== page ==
Barring any sudden changes, a significant change to the Fair Labor Standards Act (FLSA) is scheduled to go into effect on December 1, making an estimated 4.2 million additional salaried white collar American workers eligible for overtime pay. In approximately three months, the federal minimum salary level for overtime pay for FLSA-covered workers will increase to $913 per week, or $47,476 annually.

Because the rule change was announced this past spring, many companies are likely already making preparations. However, for those businesses unsure whether they will remain compliant once December arrives, here is some advice from Anna Brewer, director of HR administrative compliance at Insperity.

  • Know the impacts before the law goes into effect. At many companies, payroll is by far the organization’s largest cost. This is why all businesses need to know how many employees on their payroll will be affected once the rule change takes place. Companies should review the job duties and salaries of workers to determine precisely who will be impacted and how significant those impacts will be.
  • Decide whether a time-tracking upgrade is needed. Companies may need to employ a new time-tracking system to manage more complex timekeeping situations when workers are reclassified to non-exempt status. Electronic solutions that allow employees to clock in and clock out at their workstations or via mobile devices will likely be the most helpful when it comes to avoiding sudden payroll surprises. Many of these systems allow managers to obtain immediate, up-to-date status reports on their employees’ hours per pay period. Another helpful feature is the ability to receive alerts when an employee is reaching the overtime threshold.
  • Revisit company overtime rules. Are employees required to obtain written permission from an authorized supervisor prior to working overtime hours? If not, management may want to change protocols and/or policies to better track and control overtime costs. It should be noted that a policy requiring permission to work overtime is valid, but if an employee works overtime and the employer knew or should have known (or, as the FLSA says, “suffers or permits an employee to work”), overtime must be paid, although the employee may be disciplined for not following the policy. For many businesses, new checks and balances will become crucial to ensure that productivity and costs are appropriately managed.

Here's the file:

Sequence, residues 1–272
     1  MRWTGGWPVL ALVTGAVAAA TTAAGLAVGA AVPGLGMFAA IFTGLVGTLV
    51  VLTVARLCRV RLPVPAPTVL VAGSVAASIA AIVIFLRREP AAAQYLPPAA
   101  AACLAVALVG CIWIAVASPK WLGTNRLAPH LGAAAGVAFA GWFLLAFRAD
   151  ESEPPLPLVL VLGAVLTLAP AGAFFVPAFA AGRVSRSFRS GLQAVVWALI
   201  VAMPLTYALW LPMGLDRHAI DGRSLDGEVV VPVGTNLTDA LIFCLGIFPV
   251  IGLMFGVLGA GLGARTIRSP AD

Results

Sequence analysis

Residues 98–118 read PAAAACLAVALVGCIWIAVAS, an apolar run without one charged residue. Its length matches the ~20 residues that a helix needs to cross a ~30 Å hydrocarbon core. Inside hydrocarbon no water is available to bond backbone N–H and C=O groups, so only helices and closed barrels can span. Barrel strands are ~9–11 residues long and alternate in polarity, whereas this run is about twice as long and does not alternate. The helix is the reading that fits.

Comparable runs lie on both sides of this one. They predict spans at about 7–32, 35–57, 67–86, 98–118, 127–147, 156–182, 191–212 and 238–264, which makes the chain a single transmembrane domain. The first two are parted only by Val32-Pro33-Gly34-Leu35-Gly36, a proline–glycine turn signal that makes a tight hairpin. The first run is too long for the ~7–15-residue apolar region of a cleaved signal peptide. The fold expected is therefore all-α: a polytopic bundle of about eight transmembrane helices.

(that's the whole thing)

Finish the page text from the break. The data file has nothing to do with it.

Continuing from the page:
• Consider after-hours work policies. Thanks to the rapid rise of mobile computing, the ability to read and respond to work emails in the evenings and on weekends has become commonplace for workers at all levels. However, one must not forget that this work convenience is still considered work, and it could impact a company’s hourly totals. Non-exempt employees are required to be compensated for all the time they have worked, including time spent on work emails while out of the office. Company email policies should be revisited in light of this risk. It is also a good idea to reevaluate which employees truly require offsite access.
  • Communicate with employees prior to the rule change. Once a company determines if the new rules will have an impact and identifies the employees who will be affected, management should communicate with the affected workers and their supervisors to proactively explain any protocol or policy changes. This is also a good time to address after hours email expectations.
  • Salary adjustments may make sense. Finally, some companies may decide to make pay adjustments for some employees whose salaries are near the cap. Doing so could reduce some of the timekeeping complexities the law could create. Employers need to know that a salary increase alone does not guarantee an employee is exempt from overtime, because there are also “duties tests” that must be met for an exemption to apply.